Three Ku Klux Klan members standing at a 1922 parade.
Picture credit: Public Domain, Library of Congress
Yesterday on our news was the story of a person who had been run out of office in one small town near us, only to show up in another.
He left and moved to a place just down the road a bit.
The causation for this furor was over his association and/or membership in the Ku Klux Klan.
This same group has made the news here repeatedly in the past few years.
We came here in 2004 and had a friend who unknown at first to us, was the son of a former Grand Dragon of the Florida Klan.
This man was gentle, kind and sweet and had many friends.
It was hard to learn about his father.
We both have very strong feelings about the Klan, who even today still throw flyers into yard’s in mostly Black neighborhoods here in Central Florida, encouraging people to join them.
The papers are put into plastic bags with rocks in them.
Years ago in a College class about silent films, my instructor showed a film, The Birth of a Nation and implied that the Klan was, in the beginning, not just about hate, murders and hangings.
It was more about doing good for those in the South who had been ravaged by the Civil War.
As I read about it now, I can see that this is not the case, at all.
When it began in the 1860’s, it may indeed have had more altruistic ideas, but as the years went on, these quickly faded and were replaced with those closer to what we now know as the Klan today.
On another personal note, years ago my best friend in California moved to Mississippi.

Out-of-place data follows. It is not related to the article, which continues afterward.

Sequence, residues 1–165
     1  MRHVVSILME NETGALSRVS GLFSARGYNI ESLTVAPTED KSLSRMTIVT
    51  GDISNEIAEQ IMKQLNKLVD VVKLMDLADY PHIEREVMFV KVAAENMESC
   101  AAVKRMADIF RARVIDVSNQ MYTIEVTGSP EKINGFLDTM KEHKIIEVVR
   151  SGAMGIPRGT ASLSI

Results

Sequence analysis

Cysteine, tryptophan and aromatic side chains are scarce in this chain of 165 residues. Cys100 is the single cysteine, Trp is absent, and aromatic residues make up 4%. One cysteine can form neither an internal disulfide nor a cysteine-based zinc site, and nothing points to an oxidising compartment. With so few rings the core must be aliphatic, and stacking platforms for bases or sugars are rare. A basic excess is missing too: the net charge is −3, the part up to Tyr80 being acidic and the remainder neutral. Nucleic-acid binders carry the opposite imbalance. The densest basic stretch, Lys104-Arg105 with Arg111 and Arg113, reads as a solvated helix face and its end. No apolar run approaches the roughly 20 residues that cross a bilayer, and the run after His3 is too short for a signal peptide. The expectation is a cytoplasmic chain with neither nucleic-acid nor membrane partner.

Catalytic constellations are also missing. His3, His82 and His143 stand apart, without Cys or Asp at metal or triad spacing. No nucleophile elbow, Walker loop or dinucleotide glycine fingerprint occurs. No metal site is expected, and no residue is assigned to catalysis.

We were both pretty unhappy about this.
It was not her choice, her husband was from there and wanted to go back home.
To say that she was upset about the radical cultural changes in her life, was an understatement.
She was from California and the difference between the two states in so far as racism and race relations was/is huge, actually, it was more like a chasm.
On my first trip there to see her years later, I was shocked, dismayed and appalled at what I saw.
It was like the Civil War had never happened.
Too many of the local people looked as if all of their hope had been taken away and they were simply trying to just get through life, day by day.
There is one film that for me, best defines what it is like for many African-Americans living there, or what the state has been like for entirely too many years: Mississippi Burning.
Think you know the Klan?
Think it is gone?
As long as there is hate and fear of the differences between color and race, they will always be here, in fact they will flourish.
Those who belong to the Klan are cowards and their hate is what binds them together.
Only education, understanding and acceptance can change this.
These are the things that the Klan are most afraid of, and it is how we can change and defeat them forever.
Places to learn more:
Former Florida cop fired for KKK ties got a new job working in a Florida elementary school
Police in Fla.’s “Friendly City” were KKK members